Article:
The Curious Incident of the Dog in the Night-Time begins with a murder but not the usual kind; the victim is a dog. Christopher, who lives across the street, decides he wants to find out who killed the dog but Christopher is not your average fifteen year old either. He is unable to read people's emotions, is easily overwhelmed by sensations and information, and does not like brown or yellow foods. He goes to a special school, too, where his instructor encourages him to write a book about his search for the person who killed the dog.
I tried to describe this book to someone who had never heard of it and the closest comparison I could make was that it read like one of those small British character-driven films. It doesn't necessarily go anywhere, it just puts the reader into the protagonist's shoes for a while.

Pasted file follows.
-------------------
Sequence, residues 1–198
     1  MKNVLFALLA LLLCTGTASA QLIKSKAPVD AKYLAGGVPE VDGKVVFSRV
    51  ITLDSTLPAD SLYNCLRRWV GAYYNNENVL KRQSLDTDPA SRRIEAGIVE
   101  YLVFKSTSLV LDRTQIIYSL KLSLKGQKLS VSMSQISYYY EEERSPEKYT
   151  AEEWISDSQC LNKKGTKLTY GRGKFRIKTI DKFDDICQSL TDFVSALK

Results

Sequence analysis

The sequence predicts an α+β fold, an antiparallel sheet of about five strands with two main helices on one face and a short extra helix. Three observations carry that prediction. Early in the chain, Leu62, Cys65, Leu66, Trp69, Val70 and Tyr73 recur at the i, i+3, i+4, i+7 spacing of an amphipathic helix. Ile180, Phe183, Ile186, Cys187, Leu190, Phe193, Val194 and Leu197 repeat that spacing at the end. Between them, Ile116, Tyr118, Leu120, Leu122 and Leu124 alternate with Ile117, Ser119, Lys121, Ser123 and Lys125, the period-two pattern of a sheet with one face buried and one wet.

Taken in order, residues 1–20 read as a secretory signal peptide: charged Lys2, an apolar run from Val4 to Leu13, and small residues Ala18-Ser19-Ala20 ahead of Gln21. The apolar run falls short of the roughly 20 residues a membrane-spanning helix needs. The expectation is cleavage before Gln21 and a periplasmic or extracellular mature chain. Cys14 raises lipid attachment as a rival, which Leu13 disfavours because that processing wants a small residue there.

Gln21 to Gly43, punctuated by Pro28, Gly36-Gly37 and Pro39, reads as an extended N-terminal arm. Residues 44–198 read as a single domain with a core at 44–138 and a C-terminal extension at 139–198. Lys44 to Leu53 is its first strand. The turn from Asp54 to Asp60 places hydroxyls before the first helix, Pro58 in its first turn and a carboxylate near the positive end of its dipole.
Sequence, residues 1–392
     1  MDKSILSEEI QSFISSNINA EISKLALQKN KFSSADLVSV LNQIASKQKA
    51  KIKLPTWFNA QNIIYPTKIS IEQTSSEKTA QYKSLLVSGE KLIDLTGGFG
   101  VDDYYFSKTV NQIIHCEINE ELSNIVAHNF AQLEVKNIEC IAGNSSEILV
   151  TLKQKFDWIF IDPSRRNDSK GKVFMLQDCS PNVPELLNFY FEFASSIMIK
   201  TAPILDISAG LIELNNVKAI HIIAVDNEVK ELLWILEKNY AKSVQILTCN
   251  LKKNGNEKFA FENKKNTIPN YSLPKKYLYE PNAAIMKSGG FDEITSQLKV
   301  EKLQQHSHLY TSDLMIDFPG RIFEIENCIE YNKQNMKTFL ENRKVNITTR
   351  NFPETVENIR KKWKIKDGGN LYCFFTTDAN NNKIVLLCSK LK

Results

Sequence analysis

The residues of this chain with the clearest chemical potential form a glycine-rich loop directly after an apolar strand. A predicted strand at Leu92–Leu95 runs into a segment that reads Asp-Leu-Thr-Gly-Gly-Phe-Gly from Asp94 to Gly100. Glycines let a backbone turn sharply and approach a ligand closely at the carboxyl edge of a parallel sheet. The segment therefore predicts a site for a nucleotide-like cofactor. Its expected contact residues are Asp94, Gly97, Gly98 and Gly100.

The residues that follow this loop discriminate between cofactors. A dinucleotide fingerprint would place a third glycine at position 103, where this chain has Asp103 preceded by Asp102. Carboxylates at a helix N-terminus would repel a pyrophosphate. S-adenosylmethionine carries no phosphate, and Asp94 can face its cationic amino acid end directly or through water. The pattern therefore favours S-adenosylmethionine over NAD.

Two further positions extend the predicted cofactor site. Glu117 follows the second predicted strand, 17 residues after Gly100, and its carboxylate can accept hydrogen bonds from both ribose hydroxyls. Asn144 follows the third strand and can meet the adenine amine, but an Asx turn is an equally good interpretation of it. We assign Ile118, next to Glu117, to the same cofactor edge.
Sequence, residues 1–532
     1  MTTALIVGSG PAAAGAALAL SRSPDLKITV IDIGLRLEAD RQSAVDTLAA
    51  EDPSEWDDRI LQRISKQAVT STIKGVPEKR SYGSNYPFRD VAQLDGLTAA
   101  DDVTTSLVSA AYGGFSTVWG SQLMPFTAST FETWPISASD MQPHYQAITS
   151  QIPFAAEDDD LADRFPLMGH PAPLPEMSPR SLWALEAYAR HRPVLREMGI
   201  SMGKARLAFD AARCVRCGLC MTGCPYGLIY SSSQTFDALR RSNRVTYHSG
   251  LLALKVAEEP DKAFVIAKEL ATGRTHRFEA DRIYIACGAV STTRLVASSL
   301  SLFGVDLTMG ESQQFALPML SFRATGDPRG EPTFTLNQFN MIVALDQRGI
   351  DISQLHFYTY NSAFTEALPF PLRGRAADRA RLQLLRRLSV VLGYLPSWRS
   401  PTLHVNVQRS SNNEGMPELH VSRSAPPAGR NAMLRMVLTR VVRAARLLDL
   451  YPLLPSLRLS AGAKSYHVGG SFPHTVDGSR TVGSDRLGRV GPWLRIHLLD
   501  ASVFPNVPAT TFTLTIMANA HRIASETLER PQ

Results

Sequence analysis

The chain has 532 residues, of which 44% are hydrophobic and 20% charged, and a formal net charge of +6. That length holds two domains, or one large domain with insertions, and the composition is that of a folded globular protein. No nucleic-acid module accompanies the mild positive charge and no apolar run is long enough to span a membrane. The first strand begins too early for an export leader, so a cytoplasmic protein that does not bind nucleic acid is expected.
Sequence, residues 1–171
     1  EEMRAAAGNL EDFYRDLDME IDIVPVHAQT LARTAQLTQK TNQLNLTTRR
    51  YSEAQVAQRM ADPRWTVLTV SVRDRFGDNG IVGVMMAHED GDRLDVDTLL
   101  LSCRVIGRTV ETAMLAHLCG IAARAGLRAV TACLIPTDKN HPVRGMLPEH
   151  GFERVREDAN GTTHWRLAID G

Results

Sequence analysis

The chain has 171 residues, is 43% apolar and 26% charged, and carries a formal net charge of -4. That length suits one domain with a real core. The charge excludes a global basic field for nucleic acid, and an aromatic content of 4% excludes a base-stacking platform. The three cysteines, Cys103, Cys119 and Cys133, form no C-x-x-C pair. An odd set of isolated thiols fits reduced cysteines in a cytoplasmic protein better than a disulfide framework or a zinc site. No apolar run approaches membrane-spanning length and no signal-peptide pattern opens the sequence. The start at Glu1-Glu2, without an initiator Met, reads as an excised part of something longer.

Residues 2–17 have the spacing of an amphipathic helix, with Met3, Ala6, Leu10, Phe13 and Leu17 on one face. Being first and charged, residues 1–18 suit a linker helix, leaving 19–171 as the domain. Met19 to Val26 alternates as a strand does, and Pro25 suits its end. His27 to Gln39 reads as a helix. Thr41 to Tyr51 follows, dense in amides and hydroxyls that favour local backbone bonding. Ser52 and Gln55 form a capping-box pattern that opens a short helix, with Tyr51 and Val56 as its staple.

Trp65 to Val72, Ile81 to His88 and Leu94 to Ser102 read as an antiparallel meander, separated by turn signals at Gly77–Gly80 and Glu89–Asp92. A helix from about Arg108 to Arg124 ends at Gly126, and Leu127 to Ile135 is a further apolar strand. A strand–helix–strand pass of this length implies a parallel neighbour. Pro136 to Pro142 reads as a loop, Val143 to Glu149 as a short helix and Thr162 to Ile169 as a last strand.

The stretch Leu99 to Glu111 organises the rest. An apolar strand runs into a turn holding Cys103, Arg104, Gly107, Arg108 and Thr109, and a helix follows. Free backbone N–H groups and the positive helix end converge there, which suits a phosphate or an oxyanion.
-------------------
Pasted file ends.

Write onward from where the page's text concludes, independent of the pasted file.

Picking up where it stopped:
Readers who are bored by math and physics may want to steer clear of this one as Christopher uses math to clear his head and as a result several chapters outline some famous and not-so-famous math problems. There is also some very strong language used in the book, so parents who worry about that may not want to offer this one to younger teens.
Cautions aside, Curious is a challenging, touching, and ultimately sweet book that is suitable not just for teens and young adults but also for grownups.